Why Is It So Hard to Have a Close Friend?

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When all is said and done, it’s the time we spend with friends that gives life meaning. —Abraham Lincoln

Finding and keeping an authentic friend is hard for all of us. Sometimes a true friend may feel impossible to find. In fact there are no perfect friends out there for us to have. Some people should never be our friends. However, by and large, many of the best friends we could have may come from investing ourselves with greater honesty in the imperfect connections we already have or have previously overlooked. Sadly, many of us don’t invest enough of ourselves in being open and honest with people who may truly be able to care for us more intimately. Generally we’re too scared to do so, often for good but non-apparent reasons. Even more sadly, many of us don’t examine our parts in why we lack close friends. We simply see ourselves as unlucky and leave it at that. We don’t know what we’re missing.

You know I am not real big on the whole touchy-feely thing with my buds. I mean we fish and hunt together and we’ll drop anything to give a helping hand when any of us is stuck on the road or needs a new roof. We’re on it like a dime. But to sit down and talk about our mid-life crises or women trouble, it just ain’t happening. Now for my son and his male pals it’s a different story. When I see them all hugging when they get together or saying they’re inadequate about having a family and kids, it makes my stomach turn. Part of me gets turned off by softness in men. In my mind if anything means anything you just don’t need to talk about it. You just buck up and do it. Yet, I hate to admit this, but I am also jealous of my son. I don’t really have any guys to share my private moments of insecurity and my son does.

Despite how progressive we may appear, men often get stuck in sexually stereotyped roles in making friends. We may have side-by-side, as opposed to face-to-face connections with buddies, pretty much based on doing things together. Our hidden deeper vulnerabilities go untouched in favor of a competitive teasing with one another. These males ties can be intense under the surface and have strong loyalties lasting for years. If a man were to admit any insecurities he would be more likely to do so with some woman friend at the office. It’s like everybody in a man’s life knows one small piece about him but nobody knows the whole man, including the man himself. Some men do have close male friends but it’s very rare.

Friends? Oh I got plenty of them. The girls and I at my office go out for drinks pretty much every Friday night. We just talk and talk and talk. Just about everything under the sun. Of course it doesn’t hurt to get a little innocent attention from the guys at the sports bar. Then I have my Facebook and Twitter friends. Most of us blog at all hours of the night. You just got to keep up with things. I also find out about all the best deals and places to go. I am an avid coupon fanatic. Then there are all those basketball moms I get together with at each of my kids games. We compare notes and support each other a lot. It’s a fun group. Finally, I have a bunch of old high school friends I still hang with. None of us has really changed. Gossip is our favorite thing. Sometimes however, I wish I could talk to somebody about important things, like the possibility that my husband is having an affair. But that just wouldn’t look very good now would it? But don’t you worry about me — I am way too busy with friends to take life too seriously. I am really very lucky.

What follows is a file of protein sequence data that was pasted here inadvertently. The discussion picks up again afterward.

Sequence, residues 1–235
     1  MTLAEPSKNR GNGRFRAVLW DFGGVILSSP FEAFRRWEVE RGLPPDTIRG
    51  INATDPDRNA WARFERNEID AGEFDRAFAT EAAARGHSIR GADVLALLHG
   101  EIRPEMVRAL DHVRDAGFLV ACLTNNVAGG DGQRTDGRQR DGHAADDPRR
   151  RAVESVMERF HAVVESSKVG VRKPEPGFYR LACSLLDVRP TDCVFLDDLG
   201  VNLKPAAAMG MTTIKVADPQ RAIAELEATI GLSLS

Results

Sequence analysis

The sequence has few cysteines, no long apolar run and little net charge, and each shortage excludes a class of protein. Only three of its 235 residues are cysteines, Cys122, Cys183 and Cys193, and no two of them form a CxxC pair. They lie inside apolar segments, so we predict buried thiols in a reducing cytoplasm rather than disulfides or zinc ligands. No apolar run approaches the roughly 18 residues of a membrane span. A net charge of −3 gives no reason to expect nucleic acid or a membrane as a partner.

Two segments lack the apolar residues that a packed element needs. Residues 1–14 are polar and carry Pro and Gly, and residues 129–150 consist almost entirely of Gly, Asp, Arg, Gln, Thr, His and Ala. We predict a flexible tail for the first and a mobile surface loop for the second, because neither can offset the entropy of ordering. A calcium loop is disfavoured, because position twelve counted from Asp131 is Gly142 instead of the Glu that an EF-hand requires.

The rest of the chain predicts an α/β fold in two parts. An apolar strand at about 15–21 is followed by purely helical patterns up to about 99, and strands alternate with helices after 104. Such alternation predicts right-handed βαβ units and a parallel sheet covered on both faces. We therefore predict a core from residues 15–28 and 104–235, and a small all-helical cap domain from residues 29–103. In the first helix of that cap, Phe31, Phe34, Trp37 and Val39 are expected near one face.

Women generally have stronger inclinations and passions for affiliating. Their ability to verbalize, see the whole picture, and seek security through connection is often a big part of who they are. Men may run the world at the office but women literally run the rest of the world, organizing family life, relating to extended family and connecting in the community. Women may have a lot of “friends” but they are often based on being liked and being part of a group than on really being honest with one another and themselves about what is actually going on in their lives. While men may be painfully blunt with one another, women may only hint at what is really bothering them. Such friendships for women may be stifling and duty bound with hidden anger being expressed indirectly or through harmful gossip. Many women may find it preferable to be closer to men because they don’t have to deal with the judgments and jealousy they perceive from other women and because men give them wanted attention. Indeed, competition can be a deal buster in women’s friendships; it can undermine the strong identities women might otherwise have if they had closer ties to other women.

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Some people have simply given up on making friends, usually due to past unresolved hurts.

I am one of those people whose dreams have died. I just do my office job, come home to feed my cats and watch TV and just get ready for the next day. Nothing is too stressful in my life. Each day is like yesterday. Once I hoped to be married, have a family and have friends. But the love of my life wound up marrying my best high school friend. I guess she was prettier than me. Sometimes I just sit in my apartment, stare at the walls and wonder what my life could have been like. At least I am safe. I’m not hurting anybody. In some fleeting moments of clarity I wonder if the way I actually am drove my boyfriend to seek out a livelier woman. Perhaps my trouble started long before I met my boyfriend. But that’s not for me to know. Oh well.